This Friday 9th December is the (optional) Memorial of St. John Diego. His story is fascinating. Early one December morning in 1531 a Mexican peasant farmer set off to walk to Mass, but as he went along, he was suddenly distracted by lights and music, and a voice calling his name: Juan Diego! Juan Diego! He climbed the nearby hill, and there met a young woman bathed in light, dressed like an Aztec princess, who told him to go and tell the bishop to build a church on that spot. He hurried off to see the bishop, but he said he wanted proof. (He might have been wondering what on earth his Diocesan Trustees and Property and Finance Board might say!) So Juan Diego went back and again met the Woman from Heaven, who told him to take the bishop some flowers. He wrapped the flowers in his cloak, but when he arrived and let them fall out, the bishop fell to his knees. For there, impressed on his cloak, was the beautiful image of Our Lady of Guadalupe. Soon after, millions of Aztecs and indigenous peoples converted to Christ, and Guadalupe is now the biggest Marian shrine in the world, a place of prayer and many miracles.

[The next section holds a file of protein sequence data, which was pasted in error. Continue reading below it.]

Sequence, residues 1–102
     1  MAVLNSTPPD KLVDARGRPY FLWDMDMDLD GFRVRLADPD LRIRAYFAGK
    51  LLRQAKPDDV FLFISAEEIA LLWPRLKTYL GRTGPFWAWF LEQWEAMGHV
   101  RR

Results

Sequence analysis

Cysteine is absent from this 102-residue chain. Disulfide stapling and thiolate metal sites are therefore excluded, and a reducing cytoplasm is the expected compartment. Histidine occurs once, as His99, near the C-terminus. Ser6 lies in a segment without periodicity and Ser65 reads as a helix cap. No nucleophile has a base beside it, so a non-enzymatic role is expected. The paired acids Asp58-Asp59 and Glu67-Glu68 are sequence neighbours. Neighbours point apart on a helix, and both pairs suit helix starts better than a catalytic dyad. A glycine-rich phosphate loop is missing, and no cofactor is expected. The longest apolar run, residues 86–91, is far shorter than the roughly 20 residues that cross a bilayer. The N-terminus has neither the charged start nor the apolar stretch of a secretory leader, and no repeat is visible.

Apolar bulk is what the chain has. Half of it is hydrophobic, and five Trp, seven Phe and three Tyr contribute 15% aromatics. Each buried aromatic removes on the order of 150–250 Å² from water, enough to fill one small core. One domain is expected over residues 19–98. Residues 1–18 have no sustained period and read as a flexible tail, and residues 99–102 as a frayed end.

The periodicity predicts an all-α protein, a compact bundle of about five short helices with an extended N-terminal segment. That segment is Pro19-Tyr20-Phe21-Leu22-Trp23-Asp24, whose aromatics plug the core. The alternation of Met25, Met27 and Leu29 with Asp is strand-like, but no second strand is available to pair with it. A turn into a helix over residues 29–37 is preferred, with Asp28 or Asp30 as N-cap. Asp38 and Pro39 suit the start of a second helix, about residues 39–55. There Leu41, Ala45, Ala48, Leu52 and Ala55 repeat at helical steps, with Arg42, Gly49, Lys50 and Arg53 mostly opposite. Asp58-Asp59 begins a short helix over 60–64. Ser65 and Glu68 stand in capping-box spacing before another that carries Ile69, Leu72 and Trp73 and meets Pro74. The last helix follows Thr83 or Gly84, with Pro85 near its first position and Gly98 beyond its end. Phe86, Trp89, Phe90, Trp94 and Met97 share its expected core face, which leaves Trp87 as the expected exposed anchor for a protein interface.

Pope John Paul II canonised St. Juan Diego in 2002 at the Basilica of Our Lady of Guadalupe, just north of Mexico City, the very place where Our Lady asked that a church be constructed. At the Mass of canonisation, he acclaimed Juan Diego as a model of holiness for our times. Here was a layman who humbly accepted the mission entrusted to him and persevered despite the obstacles. Humility characterised his life. He had a good education and was a responsible steward of the possessions inherited from his forebears. Nevertheless, he set everything aside after the apparition, in order to live in a small hut next to where the future basilica would one day be built.